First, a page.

Liquid-solid phase composition: Binary phase diagrams

  • Thread starter Biker
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  • #1
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In binary phase diagram, We draw a tie line to know the composition of the liquid phase or the solid phase. Where the tie line is just a horizontal line.

The question is why doesn't the liquid or solid phase composition change as you change the general composition of the alloy? Why does the horizontal line give the liquid/solid composition for any general composition? Shouldn't the matter behave differently as you change the general composition?
 

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  • #2
Borek
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I am not sure I understand your question. Horizontal line is just a line of constant temperature. No matter what the composition is, you can heat the mixture to any temperature. Then, from the diagram, you can read what to expect - just a solid mixture, just a liquid mixture, or some combination of both.
 
  • #3
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I am not sure I understand your question. Horizontal line is just a line of constant temperature. No matter what the composition is, you can heat the mixture to any temperature. Then, from the diagram, you can read what to expect - just a solid mixture, just a liquid mixture, or some combination of both.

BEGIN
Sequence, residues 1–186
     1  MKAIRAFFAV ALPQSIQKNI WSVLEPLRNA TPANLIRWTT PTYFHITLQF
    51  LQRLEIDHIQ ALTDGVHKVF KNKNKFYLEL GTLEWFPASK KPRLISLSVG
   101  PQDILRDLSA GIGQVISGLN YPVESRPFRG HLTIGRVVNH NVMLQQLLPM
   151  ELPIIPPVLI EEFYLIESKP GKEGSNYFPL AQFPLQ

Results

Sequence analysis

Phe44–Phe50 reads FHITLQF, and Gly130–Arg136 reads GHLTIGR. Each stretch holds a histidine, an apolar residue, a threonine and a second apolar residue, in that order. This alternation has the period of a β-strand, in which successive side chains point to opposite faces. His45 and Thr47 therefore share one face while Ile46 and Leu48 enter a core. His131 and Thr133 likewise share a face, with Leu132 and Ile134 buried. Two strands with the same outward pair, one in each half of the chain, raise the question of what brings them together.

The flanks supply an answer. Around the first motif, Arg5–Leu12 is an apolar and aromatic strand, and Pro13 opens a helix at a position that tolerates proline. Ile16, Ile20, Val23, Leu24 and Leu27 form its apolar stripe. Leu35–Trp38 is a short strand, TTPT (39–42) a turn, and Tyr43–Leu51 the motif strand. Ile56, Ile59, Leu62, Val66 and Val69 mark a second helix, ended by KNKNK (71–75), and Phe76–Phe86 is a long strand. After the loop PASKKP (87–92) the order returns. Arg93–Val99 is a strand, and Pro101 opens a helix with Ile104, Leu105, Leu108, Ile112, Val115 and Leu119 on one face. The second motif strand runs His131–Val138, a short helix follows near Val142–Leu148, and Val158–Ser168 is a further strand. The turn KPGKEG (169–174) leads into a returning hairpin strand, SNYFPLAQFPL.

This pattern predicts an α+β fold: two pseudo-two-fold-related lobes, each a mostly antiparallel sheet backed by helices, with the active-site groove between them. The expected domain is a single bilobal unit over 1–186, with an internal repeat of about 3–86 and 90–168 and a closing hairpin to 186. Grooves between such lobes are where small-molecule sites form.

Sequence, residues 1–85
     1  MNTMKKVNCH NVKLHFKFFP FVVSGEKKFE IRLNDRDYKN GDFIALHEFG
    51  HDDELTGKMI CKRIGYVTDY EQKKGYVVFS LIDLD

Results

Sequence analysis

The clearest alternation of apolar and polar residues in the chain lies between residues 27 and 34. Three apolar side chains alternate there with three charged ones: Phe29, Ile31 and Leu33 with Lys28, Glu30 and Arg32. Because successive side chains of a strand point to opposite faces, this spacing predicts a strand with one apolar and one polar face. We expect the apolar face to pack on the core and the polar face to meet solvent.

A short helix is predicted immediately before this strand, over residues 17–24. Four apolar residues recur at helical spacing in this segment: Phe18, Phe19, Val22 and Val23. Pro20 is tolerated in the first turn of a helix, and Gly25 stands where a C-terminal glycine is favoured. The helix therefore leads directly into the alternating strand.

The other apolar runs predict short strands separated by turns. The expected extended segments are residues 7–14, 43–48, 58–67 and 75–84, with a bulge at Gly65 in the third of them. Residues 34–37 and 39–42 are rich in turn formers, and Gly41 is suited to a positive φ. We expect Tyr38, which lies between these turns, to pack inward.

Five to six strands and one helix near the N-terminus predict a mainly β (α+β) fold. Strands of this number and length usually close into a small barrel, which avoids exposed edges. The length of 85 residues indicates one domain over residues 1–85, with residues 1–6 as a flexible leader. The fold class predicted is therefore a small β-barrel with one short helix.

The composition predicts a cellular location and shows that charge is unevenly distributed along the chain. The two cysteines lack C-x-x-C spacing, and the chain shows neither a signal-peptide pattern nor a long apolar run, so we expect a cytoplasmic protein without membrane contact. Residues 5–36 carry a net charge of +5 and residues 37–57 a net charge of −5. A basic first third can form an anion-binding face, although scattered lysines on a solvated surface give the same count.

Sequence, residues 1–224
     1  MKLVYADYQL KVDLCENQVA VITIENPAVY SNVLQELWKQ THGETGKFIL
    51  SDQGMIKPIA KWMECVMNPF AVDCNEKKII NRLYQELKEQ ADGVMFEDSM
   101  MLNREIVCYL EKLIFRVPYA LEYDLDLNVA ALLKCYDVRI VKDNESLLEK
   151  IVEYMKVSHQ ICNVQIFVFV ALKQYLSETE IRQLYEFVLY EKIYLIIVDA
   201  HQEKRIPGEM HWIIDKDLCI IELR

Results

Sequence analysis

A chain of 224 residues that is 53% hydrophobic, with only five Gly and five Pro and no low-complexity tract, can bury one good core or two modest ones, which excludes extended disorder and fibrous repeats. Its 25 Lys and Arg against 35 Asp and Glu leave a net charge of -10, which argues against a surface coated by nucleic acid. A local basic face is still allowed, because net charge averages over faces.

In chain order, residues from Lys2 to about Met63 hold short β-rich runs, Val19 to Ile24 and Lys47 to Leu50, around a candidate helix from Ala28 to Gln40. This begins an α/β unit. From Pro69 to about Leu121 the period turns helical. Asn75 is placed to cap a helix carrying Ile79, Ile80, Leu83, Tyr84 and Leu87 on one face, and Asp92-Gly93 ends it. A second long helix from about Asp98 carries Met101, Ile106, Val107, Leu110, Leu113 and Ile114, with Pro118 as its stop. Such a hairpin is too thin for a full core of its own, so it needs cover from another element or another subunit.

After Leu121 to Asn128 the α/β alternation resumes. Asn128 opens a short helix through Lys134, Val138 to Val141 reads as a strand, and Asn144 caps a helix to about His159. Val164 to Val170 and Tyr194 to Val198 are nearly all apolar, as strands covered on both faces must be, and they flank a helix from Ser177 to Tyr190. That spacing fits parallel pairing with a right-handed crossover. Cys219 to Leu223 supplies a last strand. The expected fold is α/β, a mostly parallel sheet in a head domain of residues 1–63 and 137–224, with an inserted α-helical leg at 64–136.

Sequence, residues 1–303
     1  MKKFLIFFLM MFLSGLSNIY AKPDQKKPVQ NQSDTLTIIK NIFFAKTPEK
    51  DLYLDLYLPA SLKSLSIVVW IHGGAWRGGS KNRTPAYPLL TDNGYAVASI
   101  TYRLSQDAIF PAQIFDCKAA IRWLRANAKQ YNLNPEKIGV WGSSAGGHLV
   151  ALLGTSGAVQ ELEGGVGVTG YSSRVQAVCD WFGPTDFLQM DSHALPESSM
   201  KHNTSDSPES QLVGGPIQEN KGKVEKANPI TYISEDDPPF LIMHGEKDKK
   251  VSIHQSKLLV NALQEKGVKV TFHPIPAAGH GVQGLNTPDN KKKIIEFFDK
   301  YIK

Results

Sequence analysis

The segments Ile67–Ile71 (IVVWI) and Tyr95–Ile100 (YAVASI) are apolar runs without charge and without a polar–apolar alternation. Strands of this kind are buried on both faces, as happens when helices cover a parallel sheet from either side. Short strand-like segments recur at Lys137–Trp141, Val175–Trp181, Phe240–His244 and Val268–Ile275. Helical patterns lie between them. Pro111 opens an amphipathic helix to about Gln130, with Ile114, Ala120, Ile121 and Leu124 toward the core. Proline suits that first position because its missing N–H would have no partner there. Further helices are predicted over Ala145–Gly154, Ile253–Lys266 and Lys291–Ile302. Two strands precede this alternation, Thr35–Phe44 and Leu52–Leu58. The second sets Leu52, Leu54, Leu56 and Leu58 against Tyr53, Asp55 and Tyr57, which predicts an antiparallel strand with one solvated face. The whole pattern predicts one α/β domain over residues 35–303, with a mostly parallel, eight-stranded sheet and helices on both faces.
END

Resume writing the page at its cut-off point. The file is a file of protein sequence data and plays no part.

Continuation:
My bad, Say you have a alloy made of 40% A and 60% B and another alloy 30% A and 70% B, if you heat both to the same temperature where you would have two phases ( Solid and liquid), Using tie line, You will find that the liquid or solid phase has the same composition regardless of the general composition of the alloy. Like shouldn't each alloy have a different cooling composition?

It might seem a dumb question but I dont really understand why the tie line would give the composition of the liquid or solid phase for any general composition at some temperature.
 
  • #4
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Example - alloy of ice and salt. The composition of liquid depends on the temperature and thus solubility of salt in water. Not on general composition of alloy - only the amount of solid and liquid varies.
 
  • #5
Borek
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Vertical line is where the mixture has a given composition (defined by the x coordinate). When there are two phases present they can have different compositions as long as their mixture has the correct ratio of both alloyed substances.

Say you have a jar of water solution of a salt that has solubility of 100 g of salt per 100 g of water at 100°C, but is almost insoluble at 0°C. You start with a 50/50 mixture at 100°C and you cool it down. Salt drops out from the solution and you have two phases - pure salt, and solution that has less and less dissolved salt. But the content of the jar is still the same 50/50.
 

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